Fragments of History

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Whitney Trettien

Cut/Copy/Paste explores the relations between fragments, history, books, and media. It does so by scouting out fringe maker cultures of the seventeenth century, where archives were cut up, “hacked,” and reassembled into new media machines:

  • the Concordance Room at Little Gidding in the 1630s and 1640s, where Mary Collett Ferrar and her family sliced apart printed Bibles and pasted the pieces back together into elaborate collages known as “Harmonies”;
  • the domestic printing atelier of Edward Benlowes, a gentleman poet and Royalist who rode out the Civil Wars by assembling boutique books of poetry; and
  • the nomadic collections of John Bagford, a shoemaker-turned-bookseller who foraged fragments of old manuscripts and title pages from used bookshops to assemble a material history of the book.

Working across a century of upheaval, when England was reconsidering its religion and governance, each of these individuals saved the frail, fragile, frangible bits of the past and made from them new constellations of meaning. These fragmented assemblages resist familiar bibliographic and literary categories, slipping between the cracks of disciplines; later institutions like the British Library did not know how to collate or catalogue them, shuffling them between departments of print and manuscript. Yet, brought back together in this hybrid history, their scattered remains witness an emergent early modern poetics of care and curation, grounded in communities of practice. Stitching together new work in book history and media archaeology via digital methods and feminist historiography, Cut/Copy/Paste traces the lives and afterlives of these communities, from their origins in early modern print cultures to the circulation of their work as digital fragments today. In doing so, this project rediscovers the odd book histories of the seventeenth century as a media history with an ethics of material making—one that has much to teach us today.

Background engraving after Jan van der Straet, “Sculptura in Aes,” Nova Reperta (New Inventions) (Antwerp: Philips Galle, c. 1580-1605). British Museum Collection Database, Ii,5.174.

How to Read

Below is a draft chapter from my in-progress monograph, Cut/Copy/Paste. An overarching goal of this project—limned in greater detail in the abstract above—is to demonstrate how using digital technologies as bibliographic research tools challenges and changes the kinds of stories we might tell about early modern readers, writers, books, and their publishers. Toward that end, I am staging this draft digitally, so that you might explore some of the images, datasets, maps, graphs, and social networks that undergird my claims about Edward Benlowes as a publisher of boutique printed books. Other chapters on Little Gidding and John Bagford will be made available in this space, too, as this project progresses.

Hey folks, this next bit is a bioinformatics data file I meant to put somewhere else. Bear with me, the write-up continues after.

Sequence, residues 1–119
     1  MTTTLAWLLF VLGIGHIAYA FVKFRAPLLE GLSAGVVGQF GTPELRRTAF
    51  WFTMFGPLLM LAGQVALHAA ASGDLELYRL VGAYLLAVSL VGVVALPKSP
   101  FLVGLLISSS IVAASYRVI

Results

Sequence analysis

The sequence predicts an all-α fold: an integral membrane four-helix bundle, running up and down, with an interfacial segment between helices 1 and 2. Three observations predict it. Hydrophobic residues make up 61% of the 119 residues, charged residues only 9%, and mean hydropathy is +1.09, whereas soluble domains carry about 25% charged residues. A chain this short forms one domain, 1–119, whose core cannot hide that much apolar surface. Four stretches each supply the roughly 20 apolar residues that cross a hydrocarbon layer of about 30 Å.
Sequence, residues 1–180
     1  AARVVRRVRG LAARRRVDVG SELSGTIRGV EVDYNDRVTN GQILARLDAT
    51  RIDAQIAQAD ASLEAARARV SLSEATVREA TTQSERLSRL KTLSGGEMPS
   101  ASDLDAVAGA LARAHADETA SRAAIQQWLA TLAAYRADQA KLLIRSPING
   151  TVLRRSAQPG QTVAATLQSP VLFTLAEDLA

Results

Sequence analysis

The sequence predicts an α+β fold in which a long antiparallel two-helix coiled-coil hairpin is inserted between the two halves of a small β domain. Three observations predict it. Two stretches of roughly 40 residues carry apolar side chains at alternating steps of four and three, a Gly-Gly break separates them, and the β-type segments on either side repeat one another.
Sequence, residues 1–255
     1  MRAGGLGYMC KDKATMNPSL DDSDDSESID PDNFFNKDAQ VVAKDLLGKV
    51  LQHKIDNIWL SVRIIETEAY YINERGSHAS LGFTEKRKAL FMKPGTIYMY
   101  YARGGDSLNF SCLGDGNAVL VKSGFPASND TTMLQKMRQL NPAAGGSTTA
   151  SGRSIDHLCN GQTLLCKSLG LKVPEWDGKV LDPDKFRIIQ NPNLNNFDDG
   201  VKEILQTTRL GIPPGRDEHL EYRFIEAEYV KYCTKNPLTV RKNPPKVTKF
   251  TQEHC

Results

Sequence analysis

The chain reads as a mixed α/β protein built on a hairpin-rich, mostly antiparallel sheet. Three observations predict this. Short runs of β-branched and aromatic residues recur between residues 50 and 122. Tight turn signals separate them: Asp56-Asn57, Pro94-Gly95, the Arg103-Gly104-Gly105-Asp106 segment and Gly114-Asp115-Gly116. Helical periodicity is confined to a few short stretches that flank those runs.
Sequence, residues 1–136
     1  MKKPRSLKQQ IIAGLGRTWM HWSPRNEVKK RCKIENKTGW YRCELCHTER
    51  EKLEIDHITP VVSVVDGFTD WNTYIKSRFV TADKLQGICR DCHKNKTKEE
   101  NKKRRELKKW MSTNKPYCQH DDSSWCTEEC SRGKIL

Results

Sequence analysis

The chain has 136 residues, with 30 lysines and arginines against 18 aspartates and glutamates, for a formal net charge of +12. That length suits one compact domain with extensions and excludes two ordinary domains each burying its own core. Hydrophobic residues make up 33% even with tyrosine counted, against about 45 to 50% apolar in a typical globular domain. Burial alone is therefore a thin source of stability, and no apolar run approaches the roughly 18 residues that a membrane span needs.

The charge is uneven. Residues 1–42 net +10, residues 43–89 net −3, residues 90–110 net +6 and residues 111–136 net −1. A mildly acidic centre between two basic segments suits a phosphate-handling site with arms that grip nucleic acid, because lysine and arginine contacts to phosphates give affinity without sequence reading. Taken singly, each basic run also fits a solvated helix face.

Because this is still a draft chapter, some of its resources and features are more gestural than fully formed at this point. Much of the photography comes from my own research notes; in many cases, you will see hands, call slips, and poor lighting in place of professionally-imaged pages floating against a black background. There are also moments where I wish to incorporate additional resources but am still in the process of obtaining permissions. Even so, it is my hope that the 123 total resources included here offer more than a glimpse of possible future directions for not just this monograph as it progresses but digital book history as an emerging field.

While this chapter has been written linearly, it is lengthy, and certain readers may wish only to engage individual sections. The history of libraries and collecting at the end of the sixteenth and into the seventeenth centuries is addressed in “Mapping Early Modern Libraries.” Sammelbands, miscelleneity, and Phineas Fletcher’s The Purple Island are discussed in “Collaboration and the Cambridge Press.” Benlowes’ major publishing project is introduced in the short section “Toward a Poetics of the Codex” and fully examined in “Assembling Theophila.” The last section, “Humphrey Moseley’s Social Network,” compares Theophila to the Royalist publisher Moseley’s output using a dataset that maps the degree of a book’s collaboration. Other readers may wish simply to explore the chapter’s digital resources by jumping directly to the collections below or using the faceted browser here.

Readers are invited to annotate, highlight, and comment upon any portion of this draft chapter or its resources. I especially welcome comments on the inclusion (or exclusion) of certain digital assets that may assist my argument. Thank you.

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  • isbn
  • publisher
    University of Minnesota Press
  • publisher place
    Minneapolis, Minn.